“I think it was well-received when we told them we were going to do that,” she remarked. “It is going to be very user-friendly, they just need to push buttons and things like that. I think they are open to it. I think with any change or new initiative, I think they just want to know what does it mean for me and will it make my life easier and, I think what they are finding is the prep time is going to be easier and the biggest part for them is knowing who the kids are and being able to monitor them and keep good records. It is going to reduce their paperwork, so to speak. 

The superintendent added it is the school division’s goal to be able to use this new technology in such a way that will allow parents to be able to see where their child’s bus is and when it will arrive at their bus stop through some form of a mobile app but that functionality will likely not be available during this school year.

“That is not part of the module we are doing right now because we are just starting with the drivers but our plan ultimately is parents will be able to see in real-time, where kids can sign on to the bus so we know exactly who is on the bus and, if there is an incident or if a bus breaks down, I can tell in real-time exactly who is on the bus and where they are,” Weston explained. “If parents and they’re stuck in traffic, they can look on the app, they can see ‘the bus is going to be at my child’s bus stop at this time.’ If it’s in the morning, it’s raining and dark outside and a bus is running late, we don’t have to use the phone system anymore, they can look on the app and see the bus has left, en route, and will arrive at this time, so I think it will make parents’ jobs much easier as far as transportation.”

In regards to supporting the vital school division department, as the county funded the renovation of the former Pamplin Administration Building to allow it to become the new centralized home of Dinwiddie County Public Schools, the school division budgeted funds in its budget to provide a face lift to the transportation department’s main office as a further thank you to drivers and staff for their dedication and hard work.

“We had a transportation team down there that was in a building that really has been untouched for a number of years so we went down and gave it a face lift, did some painting ourselves, got some furniture down there, created a training room for them, and put in a coffee maker, and things that are small but, we also wanted them to know that we recognize that the work they do is very essential to our success and that we value and appreciate them,” she explained.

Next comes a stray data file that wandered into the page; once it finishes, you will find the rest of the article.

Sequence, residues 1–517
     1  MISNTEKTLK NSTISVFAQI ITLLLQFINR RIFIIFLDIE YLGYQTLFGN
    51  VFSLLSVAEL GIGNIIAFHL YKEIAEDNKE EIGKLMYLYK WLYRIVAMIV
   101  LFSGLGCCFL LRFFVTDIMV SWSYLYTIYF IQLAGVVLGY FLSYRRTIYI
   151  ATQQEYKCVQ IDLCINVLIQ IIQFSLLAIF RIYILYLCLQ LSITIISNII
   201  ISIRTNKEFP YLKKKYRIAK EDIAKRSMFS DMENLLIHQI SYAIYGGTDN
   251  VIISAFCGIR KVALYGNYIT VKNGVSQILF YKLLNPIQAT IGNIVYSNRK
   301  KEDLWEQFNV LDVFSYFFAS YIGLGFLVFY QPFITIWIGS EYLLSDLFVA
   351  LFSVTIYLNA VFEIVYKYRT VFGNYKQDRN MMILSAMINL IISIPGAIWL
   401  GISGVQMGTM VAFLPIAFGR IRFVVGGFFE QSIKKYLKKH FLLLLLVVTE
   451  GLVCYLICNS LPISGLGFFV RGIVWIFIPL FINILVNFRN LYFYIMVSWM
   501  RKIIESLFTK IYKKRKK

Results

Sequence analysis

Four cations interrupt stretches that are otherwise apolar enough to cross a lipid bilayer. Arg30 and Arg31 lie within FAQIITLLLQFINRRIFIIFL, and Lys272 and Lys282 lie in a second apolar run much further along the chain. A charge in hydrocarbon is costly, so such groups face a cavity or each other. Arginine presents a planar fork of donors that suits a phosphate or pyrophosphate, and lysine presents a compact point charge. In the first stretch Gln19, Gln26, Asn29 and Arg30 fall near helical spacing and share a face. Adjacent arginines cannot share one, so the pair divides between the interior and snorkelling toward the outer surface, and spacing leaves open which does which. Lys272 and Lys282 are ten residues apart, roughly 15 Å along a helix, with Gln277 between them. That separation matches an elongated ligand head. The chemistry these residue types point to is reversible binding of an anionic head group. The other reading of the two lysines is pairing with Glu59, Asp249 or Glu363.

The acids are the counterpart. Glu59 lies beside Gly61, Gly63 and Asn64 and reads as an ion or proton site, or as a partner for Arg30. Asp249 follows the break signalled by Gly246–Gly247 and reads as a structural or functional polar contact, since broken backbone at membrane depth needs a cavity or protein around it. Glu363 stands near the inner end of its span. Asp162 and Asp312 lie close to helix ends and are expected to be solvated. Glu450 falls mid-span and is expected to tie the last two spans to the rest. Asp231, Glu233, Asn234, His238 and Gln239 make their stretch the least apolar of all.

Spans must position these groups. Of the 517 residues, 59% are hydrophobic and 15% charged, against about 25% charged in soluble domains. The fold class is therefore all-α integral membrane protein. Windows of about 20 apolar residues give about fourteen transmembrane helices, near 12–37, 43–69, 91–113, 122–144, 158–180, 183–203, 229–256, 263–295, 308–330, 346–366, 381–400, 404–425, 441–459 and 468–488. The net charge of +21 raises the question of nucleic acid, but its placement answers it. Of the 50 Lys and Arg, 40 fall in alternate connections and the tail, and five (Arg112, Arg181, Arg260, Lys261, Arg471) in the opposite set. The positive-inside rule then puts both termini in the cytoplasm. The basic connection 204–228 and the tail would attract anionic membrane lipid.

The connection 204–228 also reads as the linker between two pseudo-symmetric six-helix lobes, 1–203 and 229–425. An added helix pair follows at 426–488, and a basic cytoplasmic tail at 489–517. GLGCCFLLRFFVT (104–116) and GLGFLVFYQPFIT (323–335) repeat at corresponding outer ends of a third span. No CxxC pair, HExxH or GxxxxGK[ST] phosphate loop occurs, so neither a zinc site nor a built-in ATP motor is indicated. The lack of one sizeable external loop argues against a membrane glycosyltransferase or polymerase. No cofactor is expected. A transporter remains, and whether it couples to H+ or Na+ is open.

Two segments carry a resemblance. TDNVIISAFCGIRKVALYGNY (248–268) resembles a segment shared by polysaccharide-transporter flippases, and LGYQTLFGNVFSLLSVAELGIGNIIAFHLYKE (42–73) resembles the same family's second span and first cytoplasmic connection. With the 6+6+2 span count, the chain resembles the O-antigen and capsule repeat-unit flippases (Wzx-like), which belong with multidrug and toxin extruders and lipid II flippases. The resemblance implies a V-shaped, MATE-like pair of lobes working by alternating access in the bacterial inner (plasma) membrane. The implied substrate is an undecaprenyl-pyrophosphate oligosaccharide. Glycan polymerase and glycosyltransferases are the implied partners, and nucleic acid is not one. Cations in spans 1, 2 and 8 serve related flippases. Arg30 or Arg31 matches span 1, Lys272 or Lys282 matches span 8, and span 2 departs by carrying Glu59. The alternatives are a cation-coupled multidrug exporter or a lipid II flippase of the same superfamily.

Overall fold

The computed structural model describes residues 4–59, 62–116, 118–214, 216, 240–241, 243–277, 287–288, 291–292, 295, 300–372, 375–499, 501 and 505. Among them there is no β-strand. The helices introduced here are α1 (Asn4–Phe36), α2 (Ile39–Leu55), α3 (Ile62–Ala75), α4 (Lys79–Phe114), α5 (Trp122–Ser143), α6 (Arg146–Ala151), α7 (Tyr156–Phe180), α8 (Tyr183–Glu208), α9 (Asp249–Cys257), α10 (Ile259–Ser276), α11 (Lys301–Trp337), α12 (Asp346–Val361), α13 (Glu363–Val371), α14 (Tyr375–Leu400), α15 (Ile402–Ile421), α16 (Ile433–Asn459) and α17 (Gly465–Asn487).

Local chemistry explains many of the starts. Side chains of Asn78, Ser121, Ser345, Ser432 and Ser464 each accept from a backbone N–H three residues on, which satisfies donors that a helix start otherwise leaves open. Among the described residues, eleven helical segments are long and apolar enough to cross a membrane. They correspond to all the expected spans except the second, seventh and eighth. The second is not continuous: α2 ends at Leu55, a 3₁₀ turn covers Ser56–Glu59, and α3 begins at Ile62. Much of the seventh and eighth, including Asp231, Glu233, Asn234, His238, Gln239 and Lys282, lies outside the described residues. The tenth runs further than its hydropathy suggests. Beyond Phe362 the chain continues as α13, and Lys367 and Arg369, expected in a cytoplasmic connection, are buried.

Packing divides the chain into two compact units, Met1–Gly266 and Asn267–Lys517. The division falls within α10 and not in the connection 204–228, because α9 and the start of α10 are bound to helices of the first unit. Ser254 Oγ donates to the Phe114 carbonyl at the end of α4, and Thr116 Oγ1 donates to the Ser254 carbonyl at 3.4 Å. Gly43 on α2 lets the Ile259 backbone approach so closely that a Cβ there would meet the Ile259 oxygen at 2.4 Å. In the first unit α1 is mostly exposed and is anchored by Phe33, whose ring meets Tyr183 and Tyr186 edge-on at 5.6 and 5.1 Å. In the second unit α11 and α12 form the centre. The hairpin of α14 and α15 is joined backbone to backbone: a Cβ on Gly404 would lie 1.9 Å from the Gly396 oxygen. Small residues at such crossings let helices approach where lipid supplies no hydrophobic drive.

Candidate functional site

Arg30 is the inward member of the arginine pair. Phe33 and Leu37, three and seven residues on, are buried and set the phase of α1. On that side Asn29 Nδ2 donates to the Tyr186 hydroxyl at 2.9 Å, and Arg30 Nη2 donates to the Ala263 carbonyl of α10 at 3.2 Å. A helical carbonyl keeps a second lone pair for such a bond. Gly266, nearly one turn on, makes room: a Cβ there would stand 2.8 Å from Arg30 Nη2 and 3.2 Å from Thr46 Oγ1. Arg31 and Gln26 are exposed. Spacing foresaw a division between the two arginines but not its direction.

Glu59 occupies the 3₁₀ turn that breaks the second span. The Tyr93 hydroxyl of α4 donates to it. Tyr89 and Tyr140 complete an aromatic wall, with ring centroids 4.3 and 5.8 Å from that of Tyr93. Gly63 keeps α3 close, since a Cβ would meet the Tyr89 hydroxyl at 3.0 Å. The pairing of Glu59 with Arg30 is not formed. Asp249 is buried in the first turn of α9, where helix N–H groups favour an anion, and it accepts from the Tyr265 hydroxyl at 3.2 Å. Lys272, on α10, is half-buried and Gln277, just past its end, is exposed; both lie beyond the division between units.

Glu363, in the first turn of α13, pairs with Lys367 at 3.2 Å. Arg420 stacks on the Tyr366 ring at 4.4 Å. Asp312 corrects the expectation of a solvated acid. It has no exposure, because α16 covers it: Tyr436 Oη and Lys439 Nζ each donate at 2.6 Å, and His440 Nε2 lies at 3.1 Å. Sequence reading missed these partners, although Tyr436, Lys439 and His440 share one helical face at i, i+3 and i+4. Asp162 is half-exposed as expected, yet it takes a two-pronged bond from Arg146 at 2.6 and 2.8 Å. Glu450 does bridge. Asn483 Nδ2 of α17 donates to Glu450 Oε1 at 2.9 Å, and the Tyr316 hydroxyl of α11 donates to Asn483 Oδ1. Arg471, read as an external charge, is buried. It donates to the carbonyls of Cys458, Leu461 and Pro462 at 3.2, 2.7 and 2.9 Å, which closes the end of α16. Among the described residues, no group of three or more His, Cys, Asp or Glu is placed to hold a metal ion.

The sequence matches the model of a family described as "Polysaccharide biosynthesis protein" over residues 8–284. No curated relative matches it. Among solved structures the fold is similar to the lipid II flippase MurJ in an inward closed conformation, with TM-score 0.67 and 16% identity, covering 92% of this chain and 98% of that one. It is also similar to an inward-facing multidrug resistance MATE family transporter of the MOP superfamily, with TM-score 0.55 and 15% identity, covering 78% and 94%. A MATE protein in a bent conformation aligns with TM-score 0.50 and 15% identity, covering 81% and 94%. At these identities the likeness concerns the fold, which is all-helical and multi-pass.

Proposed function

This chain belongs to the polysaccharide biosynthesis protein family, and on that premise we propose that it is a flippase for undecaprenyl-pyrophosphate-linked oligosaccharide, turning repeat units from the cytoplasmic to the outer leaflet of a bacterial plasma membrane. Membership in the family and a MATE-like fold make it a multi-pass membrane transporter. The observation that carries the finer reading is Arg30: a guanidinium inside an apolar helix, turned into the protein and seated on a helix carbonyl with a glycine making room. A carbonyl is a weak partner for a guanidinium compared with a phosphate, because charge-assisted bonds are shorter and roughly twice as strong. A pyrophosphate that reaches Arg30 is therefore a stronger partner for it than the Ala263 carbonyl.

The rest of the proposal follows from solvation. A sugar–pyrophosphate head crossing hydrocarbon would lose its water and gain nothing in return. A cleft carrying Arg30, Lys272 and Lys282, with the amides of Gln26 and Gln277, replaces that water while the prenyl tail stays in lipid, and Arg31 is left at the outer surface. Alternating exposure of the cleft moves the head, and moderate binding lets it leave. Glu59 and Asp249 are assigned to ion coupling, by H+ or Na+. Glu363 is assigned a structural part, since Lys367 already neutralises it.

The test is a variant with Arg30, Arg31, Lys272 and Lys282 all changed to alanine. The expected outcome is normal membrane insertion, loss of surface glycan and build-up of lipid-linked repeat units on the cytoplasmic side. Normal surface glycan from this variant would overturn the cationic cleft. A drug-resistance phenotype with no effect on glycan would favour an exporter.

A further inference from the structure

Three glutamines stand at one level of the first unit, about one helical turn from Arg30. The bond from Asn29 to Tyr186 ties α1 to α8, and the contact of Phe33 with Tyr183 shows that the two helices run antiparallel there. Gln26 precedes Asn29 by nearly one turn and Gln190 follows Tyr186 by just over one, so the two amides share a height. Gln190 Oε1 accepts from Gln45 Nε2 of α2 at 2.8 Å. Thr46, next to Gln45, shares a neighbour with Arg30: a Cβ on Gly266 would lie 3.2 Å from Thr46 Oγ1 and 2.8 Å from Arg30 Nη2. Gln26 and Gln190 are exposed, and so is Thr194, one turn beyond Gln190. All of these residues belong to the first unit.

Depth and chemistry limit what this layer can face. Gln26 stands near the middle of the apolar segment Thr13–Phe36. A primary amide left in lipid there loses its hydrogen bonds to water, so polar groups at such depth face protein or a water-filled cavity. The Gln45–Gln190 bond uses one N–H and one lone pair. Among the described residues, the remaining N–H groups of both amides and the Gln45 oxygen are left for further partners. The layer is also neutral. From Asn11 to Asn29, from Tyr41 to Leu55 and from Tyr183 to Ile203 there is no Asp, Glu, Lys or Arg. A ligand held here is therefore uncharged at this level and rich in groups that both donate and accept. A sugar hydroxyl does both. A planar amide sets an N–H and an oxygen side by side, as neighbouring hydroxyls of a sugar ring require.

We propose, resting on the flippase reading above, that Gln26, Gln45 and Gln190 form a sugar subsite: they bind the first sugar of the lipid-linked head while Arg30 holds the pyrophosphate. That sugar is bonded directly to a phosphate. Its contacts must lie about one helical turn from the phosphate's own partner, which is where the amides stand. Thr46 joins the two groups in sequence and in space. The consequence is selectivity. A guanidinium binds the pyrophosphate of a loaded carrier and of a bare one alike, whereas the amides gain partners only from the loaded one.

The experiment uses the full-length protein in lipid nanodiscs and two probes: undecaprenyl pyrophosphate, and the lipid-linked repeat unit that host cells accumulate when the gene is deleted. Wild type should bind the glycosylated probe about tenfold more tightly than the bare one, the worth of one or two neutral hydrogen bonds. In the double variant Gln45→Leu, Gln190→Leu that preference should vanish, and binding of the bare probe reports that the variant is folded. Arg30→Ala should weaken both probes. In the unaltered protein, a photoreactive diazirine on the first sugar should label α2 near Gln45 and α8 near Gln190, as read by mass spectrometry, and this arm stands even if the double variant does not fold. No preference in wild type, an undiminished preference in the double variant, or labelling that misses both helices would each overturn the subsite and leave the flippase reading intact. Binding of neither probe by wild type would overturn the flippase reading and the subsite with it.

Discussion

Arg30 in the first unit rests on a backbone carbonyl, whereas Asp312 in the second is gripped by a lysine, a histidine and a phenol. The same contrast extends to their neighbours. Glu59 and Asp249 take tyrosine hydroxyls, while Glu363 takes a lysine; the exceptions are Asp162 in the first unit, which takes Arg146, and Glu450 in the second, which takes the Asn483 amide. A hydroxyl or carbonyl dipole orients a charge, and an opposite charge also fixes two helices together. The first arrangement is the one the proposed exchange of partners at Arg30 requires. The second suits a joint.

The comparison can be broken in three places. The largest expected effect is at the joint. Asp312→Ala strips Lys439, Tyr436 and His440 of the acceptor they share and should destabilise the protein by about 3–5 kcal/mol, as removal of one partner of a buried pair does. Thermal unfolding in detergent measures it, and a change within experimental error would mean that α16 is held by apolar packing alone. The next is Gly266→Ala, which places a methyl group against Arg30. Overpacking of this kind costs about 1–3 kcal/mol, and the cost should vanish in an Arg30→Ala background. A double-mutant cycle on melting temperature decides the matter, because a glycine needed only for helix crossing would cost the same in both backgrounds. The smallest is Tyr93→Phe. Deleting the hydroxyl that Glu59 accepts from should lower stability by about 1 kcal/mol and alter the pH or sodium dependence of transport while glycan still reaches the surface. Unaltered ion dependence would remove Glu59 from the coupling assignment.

As the school division prepared to undergo an in-depth branding study that resulted in a new look for Dinwiddie County Public Schools, Weston highlighted the important role bus drivers play in telling the story of the school system as, in most cases, a bus driver is the first and last person a student or parent sees as a DCPS representative and, with that study completed that resulted in a new logo, slogan, and website, the information gleaned through their research about storytelling remains. 

“When you talk about who tells our story, bus drivers are one of the most important members of this school division team because that experience for young people on the bus is crucial,” she said. “If I have had a good experience on the bus, if I know my bus driver’s name and they know my name, it is about the relationship they built with those individuals. I think Mr. Tucker does a really nice job in making sure they can maintain the same routes so, If I am a Sunnyside driver, I might have a child all the way from kindergarten through 5th grade and sometimes, I even get to drive them to middle school.”

Weston continued, “It is about the relationships. Many of our drivers have been with us for a number of years. We just had a driver leave us after 50 years so we have drivers who have been with us a substantial amount of time and many of them went to Dinwiddie County Public Schools or have their own kids through the school division. For parents, the bus driver might be the only person they ever interact with for whatever reason, so they are crucial.”

“We want to make certain that we recognize, support, and value them, while also giving them what they need because they probably have one of the hardest jobs in the school division, aside from being a teacher,” the superintendent closed.